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Application of Statistical Concepts in the Weight Variation of Samples

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Application of Statistical Concepts in the Weight Variation of Samples

Gliezl Allison G. Imperial

Teshia Faye T. Josue

Institute of Chemistry, College of Science, University of the Philippines, Diliman, Quezon City 1101 Philippines

Department of Chemistry, College of Science, University of the Philippines, Diliman, Quezon City 1101 Philippines

Experimental Detail

The main objectives of this experiment are to determine the significance of statistical concepts in the field of analytical chemistry or more specifically (based on the experiment) the weight variation of samples, the 25 centavo coins. This experiment also aims to teach the proper usage of the analytical balance.

In order to determine the weight variation, ten 25 centavo coins were placed on a watch glass using forceps and positioned inside an analytical balance. Each coin is weighed using "weighing by difference" method. By pressing the tare on button of the instrument, the balance was set to zero and the coins were removed one by one until the weight of each coin was obtained. All weights gathered from the experiment were recorded for tabulation. Each weight recorded was considered as a single sample which was then grouped into two data sets wherein the first data set contained 6 samples while the second data set contained samples 1-10.

Data and Results

Slight variation was obtained from weighing the ten 25 centavo coins using the analytical balance. (Refer to Appendix A for the table with the corresponding samples and their value)

The Q-test, which is a simple, widely used statistical test for deciding whether a suspected result should be retained or rejected (Dean, Dixon.1951), was performed to determine which of the weights that were recorded is an outlier. This test is significant because there are times when a set of data contains an outlying result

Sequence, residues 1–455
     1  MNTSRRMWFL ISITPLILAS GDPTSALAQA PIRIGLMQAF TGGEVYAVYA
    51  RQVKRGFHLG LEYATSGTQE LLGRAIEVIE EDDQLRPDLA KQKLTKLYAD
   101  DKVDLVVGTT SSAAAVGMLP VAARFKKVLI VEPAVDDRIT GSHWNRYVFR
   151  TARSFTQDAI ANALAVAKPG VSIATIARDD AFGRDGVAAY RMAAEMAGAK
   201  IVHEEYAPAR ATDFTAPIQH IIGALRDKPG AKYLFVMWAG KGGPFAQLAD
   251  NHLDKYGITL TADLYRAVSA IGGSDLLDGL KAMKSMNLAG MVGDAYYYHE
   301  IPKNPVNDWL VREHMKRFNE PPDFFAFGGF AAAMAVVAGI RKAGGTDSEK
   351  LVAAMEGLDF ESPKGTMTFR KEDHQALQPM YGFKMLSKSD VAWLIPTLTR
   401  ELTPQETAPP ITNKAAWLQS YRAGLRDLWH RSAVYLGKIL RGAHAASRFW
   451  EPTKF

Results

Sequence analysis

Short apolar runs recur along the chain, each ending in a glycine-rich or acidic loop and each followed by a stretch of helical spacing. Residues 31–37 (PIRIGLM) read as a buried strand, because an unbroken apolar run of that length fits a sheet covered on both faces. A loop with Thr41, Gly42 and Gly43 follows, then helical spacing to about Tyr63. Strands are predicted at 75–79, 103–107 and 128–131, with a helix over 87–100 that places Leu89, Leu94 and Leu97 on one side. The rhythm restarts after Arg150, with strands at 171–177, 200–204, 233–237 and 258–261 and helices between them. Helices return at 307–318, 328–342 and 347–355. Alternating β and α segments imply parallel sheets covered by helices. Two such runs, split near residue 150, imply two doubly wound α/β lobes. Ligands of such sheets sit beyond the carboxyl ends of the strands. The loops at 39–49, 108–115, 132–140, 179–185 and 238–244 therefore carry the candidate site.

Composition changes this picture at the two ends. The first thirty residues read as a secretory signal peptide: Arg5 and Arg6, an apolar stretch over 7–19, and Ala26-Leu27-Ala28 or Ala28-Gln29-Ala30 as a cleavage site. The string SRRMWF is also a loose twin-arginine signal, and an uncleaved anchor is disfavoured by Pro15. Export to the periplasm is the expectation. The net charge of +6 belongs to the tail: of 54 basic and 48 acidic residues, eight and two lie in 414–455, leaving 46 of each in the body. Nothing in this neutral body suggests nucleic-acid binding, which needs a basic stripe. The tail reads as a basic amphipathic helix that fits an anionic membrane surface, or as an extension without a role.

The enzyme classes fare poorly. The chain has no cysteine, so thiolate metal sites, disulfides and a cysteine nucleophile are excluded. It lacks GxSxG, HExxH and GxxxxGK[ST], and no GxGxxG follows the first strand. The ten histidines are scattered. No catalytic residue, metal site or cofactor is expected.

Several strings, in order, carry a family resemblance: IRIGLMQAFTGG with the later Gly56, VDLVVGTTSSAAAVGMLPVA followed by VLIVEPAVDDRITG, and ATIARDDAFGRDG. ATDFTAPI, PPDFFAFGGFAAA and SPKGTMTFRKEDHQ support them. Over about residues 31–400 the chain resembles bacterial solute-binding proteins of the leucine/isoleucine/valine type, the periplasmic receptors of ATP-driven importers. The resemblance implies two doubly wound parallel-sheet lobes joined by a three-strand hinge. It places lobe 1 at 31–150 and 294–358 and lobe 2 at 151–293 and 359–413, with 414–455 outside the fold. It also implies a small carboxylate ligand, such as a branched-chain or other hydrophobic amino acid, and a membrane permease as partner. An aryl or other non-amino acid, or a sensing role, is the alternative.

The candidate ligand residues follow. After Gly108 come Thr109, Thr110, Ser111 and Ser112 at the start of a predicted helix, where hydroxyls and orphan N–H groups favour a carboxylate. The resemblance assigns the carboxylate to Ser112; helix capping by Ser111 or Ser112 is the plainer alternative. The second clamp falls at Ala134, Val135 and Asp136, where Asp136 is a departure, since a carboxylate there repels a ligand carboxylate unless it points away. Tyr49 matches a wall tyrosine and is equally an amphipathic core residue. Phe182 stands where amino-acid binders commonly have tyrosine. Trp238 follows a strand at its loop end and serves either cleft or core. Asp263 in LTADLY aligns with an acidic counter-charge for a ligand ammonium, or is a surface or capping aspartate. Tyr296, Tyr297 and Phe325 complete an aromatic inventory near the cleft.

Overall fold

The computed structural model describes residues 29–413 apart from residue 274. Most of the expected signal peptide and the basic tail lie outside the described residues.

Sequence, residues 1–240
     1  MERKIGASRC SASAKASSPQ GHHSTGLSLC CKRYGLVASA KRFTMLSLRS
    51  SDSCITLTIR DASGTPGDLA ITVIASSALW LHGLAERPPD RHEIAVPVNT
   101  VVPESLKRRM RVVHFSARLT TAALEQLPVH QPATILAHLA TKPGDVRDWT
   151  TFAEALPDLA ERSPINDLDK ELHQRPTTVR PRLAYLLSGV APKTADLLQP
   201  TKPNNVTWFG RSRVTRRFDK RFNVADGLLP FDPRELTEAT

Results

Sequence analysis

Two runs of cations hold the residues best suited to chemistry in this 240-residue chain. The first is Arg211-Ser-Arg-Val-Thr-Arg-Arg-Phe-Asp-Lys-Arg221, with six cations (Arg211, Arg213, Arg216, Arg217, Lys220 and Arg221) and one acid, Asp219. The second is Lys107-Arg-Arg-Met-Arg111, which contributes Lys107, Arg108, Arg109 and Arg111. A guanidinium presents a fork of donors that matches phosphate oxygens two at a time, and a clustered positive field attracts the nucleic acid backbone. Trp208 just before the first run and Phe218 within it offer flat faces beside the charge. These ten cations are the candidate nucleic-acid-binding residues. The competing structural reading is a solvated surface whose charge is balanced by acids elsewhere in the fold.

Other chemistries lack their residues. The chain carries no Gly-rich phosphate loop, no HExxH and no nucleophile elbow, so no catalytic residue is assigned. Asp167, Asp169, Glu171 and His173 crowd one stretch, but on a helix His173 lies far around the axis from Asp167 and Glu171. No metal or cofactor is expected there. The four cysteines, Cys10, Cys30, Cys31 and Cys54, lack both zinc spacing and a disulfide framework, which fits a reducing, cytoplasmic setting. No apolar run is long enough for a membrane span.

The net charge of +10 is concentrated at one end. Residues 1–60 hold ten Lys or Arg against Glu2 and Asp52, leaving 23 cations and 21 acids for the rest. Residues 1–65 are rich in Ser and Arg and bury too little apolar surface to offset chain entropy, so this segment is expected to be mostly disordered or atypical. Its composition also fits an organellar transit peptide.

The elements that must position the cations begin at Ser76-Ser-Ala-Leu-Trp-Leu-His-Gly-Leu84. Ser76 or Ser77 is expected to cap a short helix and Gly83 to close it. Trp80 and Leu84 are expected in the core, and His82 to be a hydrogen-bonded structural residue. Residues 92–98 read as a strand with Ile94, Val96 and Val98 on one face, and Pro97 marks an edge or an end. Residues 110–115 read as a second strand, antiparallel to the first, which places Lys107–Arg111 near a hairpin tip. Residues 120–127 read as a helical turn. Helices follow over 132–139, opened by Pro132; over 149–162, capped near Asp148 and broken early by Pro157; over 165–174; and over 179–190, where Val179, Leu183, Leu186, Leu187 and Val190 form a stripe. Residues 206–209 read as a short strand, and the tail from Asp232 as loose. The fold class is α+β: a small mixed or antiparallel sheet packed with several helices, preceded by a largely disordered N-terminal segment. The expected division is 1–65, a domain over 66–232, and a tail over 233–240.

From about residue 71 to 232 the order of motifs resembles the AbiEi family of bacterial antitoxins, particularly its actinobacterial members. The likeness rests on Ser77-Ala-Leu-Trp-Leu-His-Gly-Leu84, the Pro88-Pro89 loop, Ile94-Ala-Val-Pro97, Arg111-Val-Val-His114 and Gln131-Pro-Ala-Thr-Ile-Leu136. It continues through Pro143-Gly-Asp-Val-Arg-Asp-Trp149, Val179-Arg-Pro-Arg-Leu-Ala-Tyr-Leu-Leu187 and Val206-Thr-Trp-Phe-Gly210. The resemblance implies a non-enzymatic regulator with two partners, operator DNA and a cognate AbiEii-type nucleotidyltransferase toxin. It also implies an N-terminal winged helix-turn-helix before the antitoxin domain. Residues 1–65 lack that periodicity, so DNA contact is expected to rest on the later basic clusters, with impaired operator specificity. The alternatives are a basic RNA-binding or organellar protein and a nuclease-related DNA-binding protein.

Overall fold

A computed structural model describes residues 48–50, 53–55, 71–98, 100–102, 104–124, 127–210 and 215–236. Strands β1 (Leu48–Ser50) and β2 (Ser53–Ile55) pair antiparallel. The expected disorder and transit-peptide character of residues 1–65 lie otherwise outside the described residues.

that seems to be outside of the range. If the Q-test was not performed during the experiment, undetected gross error might hinder in getting accurate and precise values. Also, this test makes sure that all data rightfully belongs to the set and not discarded due to leniency in setting the limits.

Equation 1 shows how Qexp was obtained where Xq is the suspected value, Xn is the value closest to the suspected value, and R is the range.

Equation 1. Q test formula

Qexperimental=Qexp= | Xq - Xn |


When Qtab<Qexp, the Qexp value calculated is rejected. However when Qtab>Qexp, the Qexp value calculated is accepted. Below is a table showing the calculated Qexp values which are lesser than the Qtab value at 95% confidence level of 0.625 and 0.468 for data set 1 and 2, respectively.

Table 1. Qexp vs. Qtab

Data Set

Suspect Values


















The results show that the value for the Qexp in the first data set is lesser than the Qtab. Moreover, the same comparison is made for the second data set. This shows that all the weights recorded are all accepted and were made part of further computations.

After making sure that all values are part of the range, other statistical computations were made such as the mean, range, relative range, standard deviation, relative standard deviation, and confidence limits (at 95% confidence level).

One of the most commonly used measures of central tendency is the mean. The mean is the average or the sum of all measured values divided by the number of samples in a data set. Acquiring the value of the mean gives the best estimate central value of the set and with this, the set becomes more reliable than any of the individual result (Skoog. 2004). The equation of the mean is shown below.

Equation 2. Mean formula

Below is the tabulated data of the calculated values from the experiment. As shown in the table, two values are recorded for data set 1 and 2. The mean value for the first data set is 3.61 and for the second, 3.61 as well. When compared to the standard weight of a 25 centavo coin presented by the Bangko Sentral ng Pilipinas (BSP), this shows a 0.19 difference in the weight wherein the official weight should be 3.8 g. A plausible reason for this difference is the deterioration in the percent material composition of the coins. Another cause of the difference is the year that the coins were manufactured. This may cause the variations of the weights of the coins that were issued during the year 1995 and 2004. The coins manufactured in the year 1995 may have more material composition as compared to the coins from 2004. In the experiment, the year when the coins were minted were not taken note off.


Data set 1

Data set 2


3.61 g

3.61 g

Standard Deviation

0.021583 g

0.019017 g

Relative Standard Deviation






Relative Range





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